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The Chosen: The Christian-funded hit about Jesus taking the US by storm

Jonathan Roumie stars in Dallas Jenkins’s wildly successful hit, The Chosen, the multi-season series about Jesus of Nazareth that raised nearly $100m from Christian fans.

It’s one of the most successful crowdfunded entertainment projects ever, with its makers claiming that during four seasons of the series, viewer support raised nearly $100m in production expenses. But the chances are if you’re not a US Christian, you might never have heard of The Chosen, the first multi-season series about Jesus of Nazareth, told through the eyes of his disciples and followers, as well as his opponents – as initially it was only available on its own platform, or through other Christian outlets.

From a small pilot in 2017, created by Illinois-born filmmaker Dallas Jenkins, with $11m raised from donors, The Chosen has sprouted into a production that can be watched on its own app, and on streamers including Netflix and Amazon. Its makers claim the series has had 200 million unique viewers across its platforms since launching. Season four had red carpet premieres in Los Angeles and London this week, to be followed by a limited cinema release (previous seasons pulled in around $35m at the US box office). The actor who plays Jesus, Jonathan Roumie, has met the Pope, twice, to talk about the series and his portrayal of Jesus.

There haven’t been many reviews of the series by mainstream rather than religious publications. A critic for The Atlantic, who also declare themselves to be a Christian, wrote: “The show is good. I’d stop short of calling The Chosen a prestige drama, but it looks and feels downright secular.”

The series is, however, all based on the gospel accounts of Jesus’s life and ministry. In seasons one to three, he assembles his inner circle of disciples, delivers the so-called Sermon on the Mount, heals various people, including a woman who has been bleeding for 12 years, raises Jairus’s daughter from the dead, and walks on water (excerpts released on social media show how the filmmakers recreate that miracle.)

A modern take on the story of Jesus

Jesus of Nazareth has, of course, been portrayed many times on screen and stage, notably by Ted Neeley in 1973’s Jesus Christ Superstar and by Jim Caviezel in Mel Gibson’s ultra-violent but ultra-successful 2004 film, The Passion of the Christ. There was also a 1977 six-part TV mini-series, Jesus of Nazareth, made by Franco Zeffirelli. Martin Scorsese said recently that he’d finished another screenplay about Jesus; he also directed the controversial 1988 film The Last Temptation of Christ, where Jesus contemplates an ordinary life with Mary Magdalene.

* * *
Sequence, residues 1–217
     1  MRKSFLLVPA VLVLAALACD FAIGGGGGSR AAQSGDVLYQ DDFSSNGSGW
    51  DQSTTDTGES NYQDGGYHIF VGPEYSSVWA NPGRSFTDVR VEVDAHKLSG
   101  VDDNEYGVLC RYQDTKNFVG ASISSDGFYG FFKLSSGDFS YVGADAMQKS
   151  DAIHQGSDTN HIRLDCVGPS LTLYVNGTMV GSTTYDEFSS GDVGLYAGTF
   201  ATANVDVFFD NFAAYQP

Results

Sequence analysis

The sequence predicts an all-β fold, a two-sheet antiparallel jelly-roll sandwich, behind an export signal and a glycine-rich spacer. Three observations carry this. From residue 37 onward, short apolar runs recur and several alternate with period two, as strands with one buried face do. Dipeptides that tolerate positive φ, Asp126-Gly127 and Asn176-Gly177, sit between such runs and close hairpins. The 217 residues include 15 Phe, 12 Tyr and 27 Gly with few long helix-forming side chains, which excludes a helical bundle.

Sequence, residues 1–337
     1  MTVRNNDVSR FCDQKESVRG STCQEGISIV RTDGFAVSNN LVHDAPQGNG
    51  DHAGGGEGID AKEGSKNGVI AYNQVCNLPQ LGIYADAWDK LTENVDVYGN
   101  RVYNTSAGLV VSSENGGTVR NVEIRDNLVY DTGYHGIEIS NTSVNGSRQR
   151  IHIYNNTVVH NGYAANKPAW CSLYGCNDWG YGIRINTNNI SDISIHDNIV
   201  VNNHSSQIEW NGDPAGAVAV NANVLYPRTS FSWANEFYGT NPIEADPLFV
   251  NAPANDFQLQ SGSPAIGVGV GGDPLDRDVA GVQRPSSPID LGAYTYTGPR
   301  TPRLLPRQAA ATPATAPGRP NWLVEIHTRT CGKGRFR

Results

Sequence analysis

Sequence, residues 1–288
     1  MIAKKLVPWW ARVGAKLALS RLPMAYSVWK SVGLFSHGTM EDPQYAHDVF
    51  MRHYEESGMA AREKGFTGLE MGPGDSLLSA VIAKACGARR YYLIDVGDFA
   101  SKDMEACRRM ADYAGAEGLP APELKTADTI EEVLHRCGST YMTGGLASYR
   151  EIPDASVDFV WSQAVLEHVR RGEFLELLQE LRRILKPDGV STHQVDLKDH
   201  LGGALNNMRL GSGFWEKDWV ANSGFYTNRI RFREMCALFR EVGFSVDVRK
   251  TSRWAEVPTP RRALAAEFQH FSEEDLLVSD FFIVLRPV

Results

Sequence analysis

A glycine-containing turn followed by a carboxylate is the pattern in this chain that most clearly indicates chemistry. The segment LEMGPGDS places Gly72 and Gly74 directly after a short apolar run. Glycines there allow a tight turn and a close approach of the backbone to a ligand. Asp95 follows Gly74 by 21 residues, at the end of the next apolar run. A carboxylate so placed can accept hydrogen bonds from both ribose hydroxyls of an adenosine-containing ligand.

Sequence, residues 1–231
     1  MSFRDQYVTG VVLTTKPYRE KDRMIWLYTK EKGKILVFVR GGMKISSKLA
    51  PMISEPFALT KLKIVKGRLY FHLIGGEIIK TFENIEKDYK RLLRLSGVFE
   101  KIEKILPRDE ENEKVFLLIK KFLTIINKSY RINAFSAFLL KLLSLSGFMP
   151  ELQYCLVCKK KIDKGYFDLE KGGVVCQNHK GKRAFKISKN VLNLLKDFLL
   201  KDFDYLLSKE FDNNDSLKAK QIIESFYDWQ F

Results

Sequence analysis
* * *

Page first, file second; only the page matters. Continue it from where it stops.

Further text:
“The West Wing was inspirational for us because it’s about the presidency. The president is around whom these characters dwell, but he’s one of five or six characters that are focused on. We thought the thing that you get when you read the gospels is that Jesus is having this impact on so many people, but if you don’t know those people well, if you don’t see life through their eyes, then the impact is minimised.”

The fleshing out of characters has led to modern interpretations of dialogue and backstories in the show, perhaps most intriguingly seen in the character of one of the disciples, the gospel writer Matthew, who’s portrayed as autistic. But unlike some of its predecessors (such as Jesus of Nazareth’s blue-eyed Robert Powell), The Chosen has a diverse cast including actors who are of Jewish, Arab, Southeast Asian and North African descent. The story is rooted in Jewish life and customs of the time – also sometimes historically glossed over in the representations of Jesus. Jesus and his disciples are to be found in synagogues and celebrating Jewish festivals, such as Sukkot.

“There have been many Jesus movies and miniseries and I’ve seen almost all of them,” Dallas Jenkins tells BBC Culture. “But there’s never been a multi-season show where you can take your time to develop the stories, develop the characters, develop backstories, where you can really explore the humanity of these people. The reason we love long-form series is because we can invest in the characters, invest in the story development, and that’s never been done before in a Jesus project.

Jonathan Roumie, a devout Catholic himself, insists of Jesus: “You cannot strip away his Jewishness. It is imperative that all of what he did fulfilled the prophecies of Jewish culture of his time. So, I think to pretend it’s not there does him and the story a disservice.”

Jenkins says he hopes the tone of The Chosen is more human and humorous than has traditionally been the case for religious programming. “We like to say that we’re taking Jesus down from statues and stained-glass windows,” he explains.

“I think that we are removing the veil and the walls that we’ve sometimes put up between us and the authentic Jesus. Even though we have lots of stuff in the show that isn’t directly from scripture, I do believe we’re accurately capturing the character and intentions of Jesus in the gospels. And I do think that does contribute to people who don’t believe being able to appreciate the show. They just think: ‘Okay, this doesn’t feel so ominous and pious and religious that it’s trying to sell me something, it feels like a historical drama’. ”

But The Chosen does have evangelical intent as well; its creators have established a foundation that states it aims to maximise charitable giving to increase budgets for future seasons of the series, and to eventually subtitle and dub it into 600 languages. The series on The Chosen app and website is free to view, although there’s the option to donate.-BBC

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